Project CARS (PC) Review

Immersive Racing Evolution

Project CARS (PC) Review 5
Project CARS (PC) Review 4

Project CARS

Brutalist Review Style (Version 2)

Firing up Project CARS for the first time, I was immediately overwhelmed with a sense that this was something different. This is a game that I had been eagerly anticipating since I first saw its impressive alpha screenshots a couple years back. I was impressed with the impossibly realistic visuals, and felt that no game could live up to the hype it was starting to generate for itself. I subsequently went to such lengths to keep from getting my hopes up that I completely lost sight of the game until launch day was upon us.

It was quickly becoming a refreshing feeling to see all the ways in which Project CARS was shifting away from the paradigms of old. There’s no currency to be had in the game. No gating of content. Everything to be experienced is at your fingertips from the first time you fire up the game. There’s no need to designate research directions in the middle of your career seasons, nothing at all to distract you from the absolute bliss of driving one of the more than sixty-five meticulously detailed cars on one of the more than seventy equally meticulously crafted tracks. There’s an absolute obsession with immersion that’s evident in Project CARS.


The inclusion of a camera view from within the driver’s helmet, vignetting the blur of beautifully rendered scenery with the padded interior of a crash helmet is a brilliant design decision, and having settings to control the effects of G-forces on your vision, or movement of your head is wondrous. The sheer lunacy of the attention to detail in Project CARS leaves me without words to describe it, right down to the fact that left and right sides of suspension can be tuned independent of each other, or that off the racing line, you’ll find built-up rubber debris, just waiting to punt you off. Not to mention the weather, which ranges from clear and vibrant, to overcast, foggy, and rain all the way up to thunderstorms, each bringing their own perilous challenges on the track, as well as adding stunning accents to an already breathtakingly beautiful game. Oh, and did I mention real-time time, light and weather progression options? Yeah, that’s a thing.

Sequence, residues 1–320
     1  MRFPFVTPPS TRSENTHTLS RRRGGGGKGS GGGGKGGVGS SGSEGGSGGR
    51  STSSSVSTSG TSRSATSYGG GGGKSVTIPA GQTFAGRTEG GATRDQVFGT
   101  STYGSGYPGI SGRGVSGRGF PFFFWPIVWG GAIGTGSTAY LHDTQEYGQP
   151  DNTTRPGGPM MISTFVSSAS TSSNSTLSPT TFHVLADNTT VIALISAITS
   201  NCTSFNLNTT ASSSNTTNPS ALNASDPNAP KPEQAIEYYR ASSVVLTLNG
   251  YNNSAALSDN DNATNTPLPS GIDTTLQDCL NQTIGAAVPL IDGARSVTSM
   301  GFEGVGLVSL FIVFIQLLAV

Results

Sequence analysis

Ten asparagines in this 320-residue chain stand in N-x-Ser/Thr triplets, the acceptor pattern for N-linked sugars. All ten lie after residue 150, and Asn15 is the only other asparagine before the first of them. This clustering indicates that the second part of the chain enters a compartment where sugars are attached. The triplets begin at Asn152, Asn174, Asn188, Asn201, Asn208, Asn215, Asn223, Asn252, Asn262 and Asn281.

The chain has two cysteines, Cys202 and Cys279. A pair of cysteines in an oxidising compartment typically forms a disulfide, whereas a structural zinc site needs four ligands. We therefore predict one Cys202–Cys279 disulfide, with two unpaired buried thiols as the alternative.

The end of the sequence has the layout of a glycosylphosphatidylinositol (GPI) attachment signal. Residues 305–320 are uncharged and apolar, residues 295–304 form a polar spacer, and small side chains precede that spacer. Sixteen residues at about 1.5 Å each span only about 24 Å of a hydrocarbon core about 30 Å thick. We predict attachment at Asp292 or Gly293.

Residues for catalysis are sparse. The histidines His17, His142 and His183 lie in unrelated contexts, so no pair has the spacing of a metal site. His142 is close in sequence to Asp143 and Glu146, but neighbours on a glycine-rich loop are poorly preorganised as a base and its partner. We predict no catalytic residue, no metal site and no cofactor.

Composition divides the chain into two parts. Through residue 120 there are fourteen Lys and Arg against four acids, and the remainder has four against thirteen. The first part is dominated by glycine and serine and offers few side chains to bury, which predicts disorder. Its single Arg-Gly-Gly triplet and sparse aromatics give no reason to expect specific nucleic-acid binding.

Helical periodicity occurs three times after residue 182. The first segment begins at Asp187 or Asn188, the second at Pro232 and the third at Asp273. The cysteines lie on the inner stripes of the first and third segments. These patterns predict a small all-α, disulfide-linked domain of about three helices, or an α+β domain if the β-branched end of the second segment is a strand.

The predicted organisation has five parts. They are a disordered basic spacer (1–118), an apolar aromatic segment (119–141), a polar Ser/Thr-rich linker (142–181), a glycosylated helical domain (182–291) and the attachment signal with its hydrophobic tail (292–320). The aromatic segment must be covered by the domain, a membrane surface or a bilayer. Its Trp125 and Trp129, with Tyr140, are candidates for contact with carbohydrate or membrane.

Everything within Project CARS feels like it’s there to allow you to play your game your way. From the inclusion or exclusion of weather in any degree you see fit, races of custom lengths, with and without practice, qualifying, and warm-up sessions, fully customizable racing assists down to the amount of slip allowed before a traction control system kicks in, variable AI difficulty, damage levels, it’s all there. Many racing games gate content to artificially inflate the perceived value they bring, but Slightly Mad has opted to offer the game as more of a sandbox for you to explore at your choosing.

It’s a bold design decision, and it shows just how much confidence they have in their game.
Project CARS is not without fault, but so far, the ones I’ve found are minor oversights that could easily be fixed with post-launch patching. The few instances it stumbles with first-time oversights are far outweighed by everything it does right, which is even more impressive when compared to many of the long-established IPs it’s competing against. It also runs beautifully well for the visuals it boasts. I dare say that it makes much of its “next gen” counterparts look a bit dated. It doesn’t get bogged down with trying to force players to play through race classes they’re not interested in, or offer every model and year of car for players to obsess over collecting.

Instead, Slightly Mad have hand-selected a cross section of the best cars and tracks from multiple different eras and disciplines of motorsport racing and offered them up in a ruthlessly challenging, incredibly rewarding, and overwhelmingly beautiful and immersive simulator. With its inclusion of full support for a racing wheel and pedals, as well as fancy VR headsets, not only does Project CARS prove that the day of the hard core racing simulator is not passed, but it also highlights many of the antiquated systems in traditional racing games that we accept for lack of any new innovations. Put bluntly, Project CARS is a pivotal moment in racing simulator history.

Final Thoughts

Jake Yanik
Jake Yanik

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